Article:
"Some days, I couldn't walk. My folks thought I was taking the piss and wanted lifts to school!" - James Lowe
James Lowe is blowing at this stage but he steels himself, finds his focus and powers on. He just needs a strong finish.
It has been a long day of interviews, photos, glad-handing and giving his thoughts on a tournament he would dearly love to be taking part in. For James Lowe, that may well be 2023 and in an Irish jersey.
Lowe sits down to speak with us at the tail-end of the day but if he is flagging, which he admits to, he does not show it once the chat begins. He jokes about his recent appearance on Baz & Andrew's House of Rugby and remarks that he has never talked about how he feels so much in one day.
Lowe is promoting the relaunch of the new Tackle Your Feelings campaign, in conjunction with Rugby Players Ireland and Zurich. "I spoke with Rugby Players Ireland about a time I was struggling in my life and how I came through it," he says. "They knew of my story, then, and thought it would fit in well with Tackle Your Feelings. I'm happy to help in any way that I can, while I still can."
That story is one that many rugby fans here, or back in his native New Zealand, would have been aware of. In his teenage years, Lowe suffered from sore bones and serious fatigue issues. It ran on for well over a year until a doctor diagnosed it as a form of arthritis.
"Shock is probably a good word," he says of that diagnosis. "It was during the summer and I was playing a lot of cricket but getting random rashes, aches and pains and getting really run down. My knee would start swelling up. Some days I couldn't walk and other days I'd be fine. It was really random and nothing they tried at the start really worked.
"Eventually they put me on medicine for it until I was around 22. As good as the drugs were - helping me to run around and play rugby - it made my immune system weak and I'd get sick pretty handy. When I got to 22, I weaned myself off it."
Lowe says the arthritis has been in remission for close to seven years now but he looks back on a good chunk of his teenage years as being 'such a confusing time', and not for the regular ups and downs that most teens go through.
"There were days when I couldn't go to school or get out of bed. I had to call my dad to help get me out of bed. It was a strange time. My mum and dad thought I was taking the piss and wanted lifts to school!
"Being an optimistic guy, most times, I always understood that things would get better. Thinking back, I wish I had written stuff down and realised how I got through that period as it may be able to help others."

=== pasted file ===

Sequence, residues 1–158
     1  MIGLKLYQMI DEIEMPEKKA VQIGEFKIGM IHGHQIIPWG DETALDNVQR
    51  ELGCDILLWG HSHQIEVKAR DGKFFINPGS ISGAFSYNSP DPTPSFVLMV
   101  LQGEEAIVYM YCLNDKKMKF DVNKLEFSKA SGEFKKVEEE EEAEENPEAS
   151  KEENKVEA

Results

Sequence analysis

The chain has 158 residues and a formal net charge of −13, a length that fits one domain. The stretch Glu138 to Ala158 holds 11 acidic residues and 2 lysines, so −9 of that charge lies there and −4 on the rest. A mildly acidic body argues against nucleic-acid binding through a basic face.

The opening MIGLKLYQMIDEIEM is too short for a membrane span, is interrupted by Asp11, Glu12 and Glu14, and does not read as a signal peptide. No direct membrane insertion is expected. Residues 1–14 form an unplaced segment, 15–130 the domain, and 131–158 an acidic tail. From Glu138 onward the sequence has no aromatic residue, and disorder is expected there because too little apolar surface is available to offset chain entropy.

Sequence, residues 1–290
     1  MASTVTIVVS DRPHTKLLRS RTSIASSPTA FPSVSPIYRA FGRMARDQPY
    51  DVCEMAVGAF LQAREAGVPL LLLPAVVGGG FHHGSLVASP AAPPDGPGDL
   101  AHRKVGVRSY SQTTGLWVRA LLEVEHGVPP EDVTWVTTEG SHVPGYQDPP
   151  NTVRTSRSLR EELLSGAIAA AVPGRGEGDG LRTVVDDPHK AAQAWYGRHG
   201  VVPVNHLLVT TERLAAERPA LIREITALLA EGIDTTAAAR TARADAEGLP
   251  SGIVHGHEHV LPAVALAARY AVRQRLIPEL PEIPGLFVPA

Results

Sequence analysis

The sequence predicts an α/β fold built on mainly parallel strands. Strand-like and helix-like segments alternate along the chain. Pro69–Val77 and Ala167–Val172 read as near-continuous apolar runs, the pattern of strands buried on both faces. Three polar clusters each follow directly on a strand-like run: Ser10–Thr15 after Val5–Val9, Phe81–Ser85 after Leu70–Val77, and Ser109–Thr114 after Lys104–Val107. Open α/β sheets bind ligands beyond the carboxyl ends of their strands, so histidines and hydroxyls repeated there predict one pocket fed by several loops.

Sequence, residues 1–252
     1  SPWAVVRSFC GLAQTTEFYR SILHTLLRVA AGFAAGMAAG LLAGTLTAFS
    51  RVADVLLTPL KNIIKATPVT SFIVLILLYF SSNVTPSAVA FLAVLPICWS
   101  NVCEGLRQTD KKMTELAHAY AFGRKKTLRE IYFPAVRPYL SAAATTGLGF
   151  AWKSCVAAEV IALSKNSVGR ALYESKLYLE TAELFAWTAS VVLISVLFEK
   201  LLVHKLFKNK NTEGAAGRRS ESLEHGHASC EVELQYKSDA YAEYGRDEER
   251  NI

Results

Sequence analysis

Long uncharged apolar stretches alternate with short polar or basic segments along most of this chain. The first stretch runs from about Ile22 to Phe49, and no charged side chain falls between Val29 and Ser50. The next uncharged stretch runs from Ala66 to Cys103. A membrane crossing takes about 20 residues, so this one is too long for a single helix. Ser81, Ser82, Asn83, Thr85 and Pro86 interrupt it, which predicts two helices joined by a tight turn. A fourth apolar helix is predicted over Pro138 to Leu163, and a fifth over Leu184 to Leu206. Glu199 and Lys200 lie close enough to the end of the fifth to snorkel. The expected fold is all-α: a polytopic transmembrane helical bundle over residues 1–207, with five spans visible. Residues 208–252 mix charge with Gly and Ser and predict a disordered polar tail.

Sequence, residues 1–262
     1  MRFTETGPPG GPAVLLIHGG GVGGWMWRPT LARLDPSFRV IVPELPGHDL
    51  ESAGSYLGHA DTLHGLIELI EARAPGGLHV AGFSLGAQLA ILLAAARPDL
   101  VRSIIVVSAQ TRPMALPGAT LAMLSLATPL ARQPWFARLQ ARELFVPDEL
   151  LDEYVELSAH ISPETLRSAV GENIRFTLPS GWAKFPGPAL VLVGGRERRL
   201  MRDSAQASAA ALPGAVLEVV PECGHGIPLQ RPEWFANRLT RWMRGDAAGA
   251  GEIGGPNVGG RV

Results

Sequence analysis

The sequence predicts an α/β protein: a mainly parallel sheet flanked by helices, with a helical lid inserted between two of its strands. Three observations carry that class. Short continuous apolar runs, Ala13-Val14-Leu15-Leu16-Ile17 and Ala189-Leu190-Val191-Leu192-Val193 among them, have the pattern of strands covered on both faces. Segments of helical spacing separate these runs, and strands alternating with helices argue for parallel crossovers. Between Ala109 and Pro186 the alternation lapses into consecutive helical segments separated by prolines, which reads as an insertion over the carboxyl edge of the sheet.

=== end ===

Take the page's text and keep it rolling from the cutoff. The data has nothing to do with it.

The Leinster winger admits he struggled to express how he was truly feeling at the time and he often busied, and buried, himself in sporting pursuits, playing cricket and basketball to a high level too.
"Kiwis and Irish have similar senses of humour and would get on really well in a pub," he says, "but we're also similar - especially the guys - in not letting on how we're really feeling.
"I think the most important I learned from that time, and in the years since, is to listen and not to shy away when people are trying to tell you stuff."
— RugbyPlayersIreland (@RugbyPlayersIRE) September 29, 2019
Despite all of his physical, and internal, strife, Lowe showed enough promise in underage rugby to get the attention of the big clubs and Super Rugby scouts. He played New Zealand Schools with Jake Heenan (the former Connacht flanker) but missed out on the Under 20s side. While Heenan made the cut there, an "absolutely gutted" Lowe ended up with a Super Rugby franchise after playing Mitre 10 rugby for the Tasman Makos.
He went on to play four seasons of Super Rugby with the Waikato Chiefs before Leinster came calling in 2017 and both he as his girlfriend packed up and moved to Ireland. He lives a short walk from the Aviva Stadium and a few strides further from The RDS but jokes that 'I don't look like someone from D4'.
Now clear of the arthritis issues, Lowe is dealing with the aches and pain (and operations) that come with being a professional rugby player. The concern of holding down a starting spot, getting the next contract sorted or playing well enough that he can represent Ireland, his adopted country, when he satisfies World Rugby's residency rules.
"In rugby, you always have to get better and stay ahead of the 8 ball."
He is glad that he has his Leinster teammates, his partner, Rugby Players Ireland, and friends he has made since arriving here two years ago, to lean on and he feels he is getting better at the talking side of things. Of letting others into his world.
"Growing up, I was never very good at talking to people. It's only in the last two or three years that I've got better at it. It took me until I was 25 to figure that out."
When it is put to Lowe that it does not seem that he has an issue with talking, and being a straight talker, now - just listen to any of his post-match interviews or live show appearances - he laughs.
"People don't want to listen to the same shit, do they?
"The easiest way to do those interviews is to be yourself. If you are relaxed as you are, the conversation comes out that way. If you go in tense and are trying to hide something, it comes across that way and you might slip up anyway.
"So I always look to break the tension," he adds. "I sometimes say whatever comes into my head, like saying that reporter guy (Ryan Bailey from The42) looks about 13, because he does!
"At the start, people were scared to let out to talk. They were scared of what I was going to say, but I always think before I speak! It's just about being yourself. If you're not, you're always going to get caught out."
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The latest episode sees Barry Murphy, Andrew Trimble and Jerry Flannery look back on a massive World Cup bump in the road for Ireland.
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